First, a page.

Now this one is a bit outside of the box. At Kachalka half of the racks didn't even tell you how much weight was there. Or, it had been written so many years ago that there was only one number left so you had to guess. Sometimes you'd go to the next bar that was supposed to be heavier, but it was definitely felt lighter. The plates were made out of wrought iron, so there is no way they were exact. For two weeks I really had no idea how much weight I was actually lifting. Did this influence my training at all? Did it change the adaptation occurring in my body? I highly doubt that my body's response to the stimulus I provided it by lifting, was compromised because it didn't know if I was lifting 150 or 140. Light was light, medium was medium, heavy was heavy, and stupid-heavy was stupid-heavy. It is so easy to get caught up in the numbers, and letting a 2.5kg decrease from one week to the next ruin your days's training. Let me tell you, none of the lifters at Kachalka's strength was suffering because of using estimable weights. Your body isn't as obsessed with numbers as you are. Don't let the minutiae of numbers be a stressor in your life.

#4- Equipment Doesn't Matter, Weight and Gravity Matter

There were no Eleiko bars here, or Rogue bumpers, Chris Spealler Version Rigs, or Hammer Strength Dumbbells. None of that here. The weights there were all literally made from scrap-metal that was left on the island after the communist era ended in Ukraine. Despite the equipment, which by western standards would be too dangerous to use, the people here were still getting really strong, and you could still get a fantastic workout in. I love a good barbell as much as anyone else, and for olympic lifters its a big deal, however the physiques and strength of the people at Kachalka made it very clear that you do not need fancy equipment to be really strong or build a great physique. You just need things that you can pick up and put back down again. Over and over and over.

#5- Consistency is #1 If you want to be strong!

I also didn't see anyone record on paper or track a single lift when I was there. This probably means the bulk of these guys weren't following a specific program, Hybrid Method, or the latest popular blog, but somehow they were still really strong.

Now as a remote coach, I believe strongly in individualized programming and believe it can make building strength far more efficient, but I will be the first person to tell you that the program you follow is not nearly as important as your adherence to the program or just committing to lifting in general. The clients I have who experience the best results are the ones with the best compliance rates. Of course having a program built for you will be more efficient than doing whatever, but if you want to be strong, put in the time; that matters before all else. If you want to get strong, here is the formula (no numbers needed): Consistent lifting over an extended period of time (5-10 years).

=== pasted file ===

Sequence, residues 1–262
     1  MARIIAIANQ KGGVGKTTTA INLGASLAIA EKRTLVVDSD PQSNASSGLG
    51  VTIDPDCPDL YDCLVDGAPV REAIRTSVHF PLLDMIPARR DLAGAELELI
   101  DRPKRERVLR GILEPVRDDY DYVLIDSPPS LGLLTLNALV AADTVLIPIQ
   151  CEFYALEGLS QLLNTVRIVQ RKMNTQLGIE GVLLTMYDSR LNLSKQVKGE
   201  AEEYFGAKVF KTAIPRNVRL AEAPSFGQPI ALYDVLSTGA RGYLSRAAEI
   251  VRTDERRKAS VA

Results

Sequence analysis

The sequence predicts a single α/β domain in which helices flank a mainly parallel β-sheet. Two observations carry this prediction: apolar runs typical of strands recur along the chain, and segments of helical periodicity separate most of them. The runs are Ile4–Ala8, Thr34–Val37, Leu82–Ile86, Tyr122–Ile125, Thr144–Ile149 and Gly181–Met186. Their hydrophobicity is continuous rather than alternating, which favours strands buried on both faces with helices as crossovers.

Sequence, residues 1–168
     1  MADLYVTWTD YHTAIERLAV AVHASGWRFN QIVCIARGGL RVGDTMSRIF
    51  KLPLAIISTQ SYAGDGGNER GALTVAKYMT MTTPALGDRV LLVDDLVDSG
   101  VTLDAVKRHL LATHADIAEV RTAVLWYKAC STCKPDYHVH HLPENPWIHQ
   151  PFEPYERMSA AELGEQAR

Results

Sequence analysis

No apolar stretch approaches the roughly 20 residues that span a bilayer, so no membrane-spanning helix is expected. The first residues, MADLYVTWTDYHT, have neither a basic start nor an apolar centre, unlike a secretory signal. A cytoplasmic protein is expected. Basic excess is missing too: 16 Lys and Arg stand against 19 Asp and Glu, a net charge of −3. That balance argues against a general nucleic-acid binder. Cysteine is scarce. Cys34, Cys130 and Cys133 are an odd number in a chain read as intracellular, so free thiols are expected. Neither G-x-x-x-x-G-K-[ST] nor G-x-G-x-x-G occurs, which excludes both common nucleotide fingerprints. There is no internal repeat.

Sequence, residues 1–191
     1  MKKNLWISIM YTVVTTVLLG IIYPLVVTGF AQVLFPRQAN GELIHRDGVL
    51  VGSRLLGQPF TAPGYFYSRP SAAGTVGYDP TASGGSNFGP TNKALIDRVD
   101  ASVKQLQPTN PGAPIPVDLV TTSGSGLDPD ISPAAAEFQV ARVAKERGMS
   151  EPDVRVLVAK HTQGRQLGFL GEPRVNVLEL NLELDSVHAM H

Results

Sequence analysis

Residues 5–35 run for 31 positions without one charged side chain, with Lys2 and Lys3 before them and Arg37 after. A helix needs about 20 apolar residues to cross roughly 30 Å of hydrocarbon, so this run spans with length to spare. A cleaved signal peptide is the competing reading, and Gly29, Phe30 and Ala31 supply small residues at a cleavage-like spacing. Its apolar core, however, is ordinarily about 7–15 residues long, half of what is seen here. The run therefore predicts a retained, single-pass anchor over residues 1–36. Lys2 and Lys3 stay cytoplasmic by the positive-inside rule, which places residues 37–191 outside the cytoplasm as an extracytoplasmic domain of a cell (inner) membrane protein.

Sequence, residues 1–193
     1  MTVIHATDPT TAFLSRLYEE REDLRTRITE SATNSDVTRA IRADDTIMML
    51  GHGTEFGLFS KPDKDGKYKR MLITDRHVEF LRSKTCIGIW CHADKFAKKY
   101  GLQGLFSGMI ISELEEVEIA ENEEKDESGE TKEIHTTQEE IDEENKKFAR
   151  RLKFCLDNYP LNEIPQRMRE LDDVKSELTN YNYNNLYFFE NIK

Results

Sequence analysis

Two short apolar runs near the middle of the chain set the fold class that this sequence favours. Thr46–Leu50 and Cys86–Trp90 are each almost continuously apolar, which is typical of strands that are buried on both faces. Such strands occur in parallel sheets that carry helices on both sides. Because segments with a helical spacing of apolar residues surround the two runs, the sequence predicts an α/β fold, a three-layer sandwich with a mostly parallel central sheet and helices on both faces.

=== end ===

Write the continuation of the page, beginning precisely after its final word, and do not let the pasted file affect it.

Before I started Crossfit, I didn't follow a program, I just lifted weights for five years and mostly did 5x5's. Even though I had no idea what I was doing, I had put in a lot of time, so when I joined a box, I was strong by Crossfit standards. I witnessed much the same thing at Kachalka. It appeared that the bulk people working out at Kachalka didn't really have a plan, and things were kind of all over the place, but you could tell they had been coming there for years, every week, doing the same things over and over and over, and now they were seriously strong. Strong at ages of 18, 25, 45, and 65+.

Summation

Tying all of that together, it boils down to the fact that we are too spoiled in the western world and think everything needs to be perfect for us to get results. We want to be given results, or thinking purchasing a membership will work in and of itself. Instead we should fighting for our goals, and not waiting for them to happen. We say we want to get stronger or more fit, but we put half our useable energy into things that don't matter. We focus on how we look when we are at the gym, what the latest shoes are, how clean the bathrooms are, if the bars are rusty at one gym, which program so and so is following, what Dr. Oz said not to eat this week, or what so and so posted on instagram. Sorry, none of this matters. None of this is why you aren't where you want to be.

All of this is secondary to what actually makes a difference; Doing The Work. There are layers to this, because you have to work intelligently, but that's not the point here. The most important thing you can do if you want to reach a goal, is show up everyday, chip away at that goal, and be willing to put in whatever amount of time it is going to take to get there. And lastly, start thinking on a scale of years, not weeks or months. There is no quick fix with strength. If you are serious about achieving something, cut the fat, work with the meat, or in the case of Kachalka....The Iron.

Building strength is like planting a tree. Time is needed to see fruition.



Seneca Strength